From the Director
Academic Year 2020-2021 . . . . A year in which time seemed to have come to a stand-still even as it raced by. The year remembered as something of a blur. Lock downs. Quarantines. Social distance. Zoom meetings–endlessly . . . . A deserted Carolina campus. The University as an unutilized physical plant. A wholly unsustainable condition, of course. Inevitably–and predictably–speculations of budget cuts. Institutional crises begetting program crises, begetting personnel crises, begetting crises of confidence. Days of uncertainty stretching into weeks, and then into months, and eventually into a year. A time of ad hoc administration. Improvised programming. Makeshift planning. The home space transformed into the work place. School-age children staying at home, college students staying away, and university colleagues staying apart. There was a time we contemplated virtual reality with curiosity. Not reality as virtual . . . .
All the while, we at ISA–not unlike colleagues and collaborators across the Carolina campus–strove to hold on to some kind of normal. To sustain the idea of community at a time we could not come together. To support graduate student research at a time when graduate students could not travel. To develop programs and organize events as ‘remote’ experiences. To relearn the pedagogy of undergraduate education through the technology of ‘distance learning,’ by way of new modes of ‘delivery’ (synchronous/asynchronous, hybrid), and by means of a new vernacular (break-out rooms, chat box, share screen, co-host, mute/unmute).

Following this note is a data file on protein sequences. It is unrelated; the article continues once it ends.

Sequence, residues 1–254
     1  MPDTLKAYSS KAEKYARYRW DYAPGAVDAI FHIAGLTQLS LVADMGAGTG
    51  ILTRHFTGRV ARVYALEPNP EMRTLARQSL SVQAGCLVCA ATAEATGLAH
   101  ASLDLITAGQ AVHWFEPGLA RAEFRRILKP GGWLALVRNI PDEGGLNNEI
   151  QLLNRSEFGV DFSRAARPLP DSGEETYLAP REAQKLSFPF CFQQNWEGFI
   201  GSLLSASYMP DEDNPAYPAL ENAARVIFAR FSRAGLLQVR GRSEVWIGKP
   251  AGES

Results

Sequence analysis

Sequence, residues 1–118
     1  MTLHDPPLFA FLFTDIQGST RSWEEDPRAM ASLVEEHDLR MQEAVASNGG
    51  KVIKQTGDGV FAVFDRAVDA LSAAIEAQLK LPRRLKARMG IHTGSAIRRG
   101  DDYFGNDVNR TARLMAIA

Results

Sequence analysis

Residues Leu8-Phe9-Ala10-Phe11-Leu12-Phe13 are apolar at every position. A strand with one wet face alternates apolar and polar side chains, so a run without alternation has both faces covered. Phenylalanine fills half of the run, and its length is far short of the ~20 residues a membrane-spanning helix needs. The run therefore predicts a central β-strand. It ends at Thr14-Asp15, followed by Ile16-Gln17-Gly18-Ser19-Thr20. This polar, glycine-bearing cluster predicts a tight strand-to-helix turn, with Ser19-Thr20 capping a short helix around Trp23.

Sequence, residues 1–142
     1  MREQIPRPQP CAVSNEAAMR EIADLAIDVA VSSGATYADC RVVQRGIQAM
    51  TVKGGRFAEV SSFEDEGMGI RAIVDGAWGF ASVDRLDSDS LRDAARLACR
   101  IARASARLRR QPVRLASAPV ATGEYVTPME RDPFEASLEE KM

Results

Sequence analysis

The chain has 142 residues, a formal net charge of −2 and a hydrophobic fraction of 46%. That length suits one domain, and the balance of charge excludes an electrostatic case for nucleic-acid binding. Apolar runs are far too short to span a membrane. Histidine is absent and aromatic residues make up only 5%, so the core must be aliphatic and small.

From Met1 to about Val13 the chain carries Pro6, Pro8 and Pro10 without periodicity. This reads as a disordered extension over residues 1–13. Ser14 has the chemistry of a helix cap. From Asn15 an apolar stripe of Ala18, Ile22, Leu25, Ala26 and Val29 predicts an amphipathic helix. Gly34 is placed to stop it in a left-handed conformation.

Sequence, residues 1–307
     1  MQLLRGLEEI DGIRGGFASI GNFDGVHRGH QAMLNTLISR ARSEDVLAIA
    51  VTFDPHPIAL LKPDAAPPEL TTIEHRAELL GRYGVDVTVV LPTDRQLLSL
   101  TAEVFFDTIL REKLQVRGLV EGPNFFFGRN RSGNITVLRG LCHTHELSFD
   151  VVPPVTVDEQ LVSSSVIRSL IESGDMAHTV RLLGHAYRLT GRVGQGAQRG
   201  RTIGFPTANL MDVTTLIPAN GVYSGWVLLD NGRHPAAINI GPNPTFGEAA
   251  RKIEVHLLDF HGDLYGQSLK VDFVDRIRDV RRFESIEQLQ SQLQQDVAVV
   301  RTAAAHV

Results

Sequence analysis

To look back on Academic Year 2020-2021 is to appreciate anew the ingenuity and resourcefulness with which Hannah Gill, Brianna Gilmore, Beatriz Riefkohl-Muñiz, Joanna Shuett, and Corin Zaragoza sustained the programmatic cohesion and the curricular integrity of all that we do at ISA, done with a grace and generosity of spirit that make those corner offices on the third floor of the GEC a very special place–even when we were not there . . . .
ISA Staff Meeting, Academic Year 2020-2021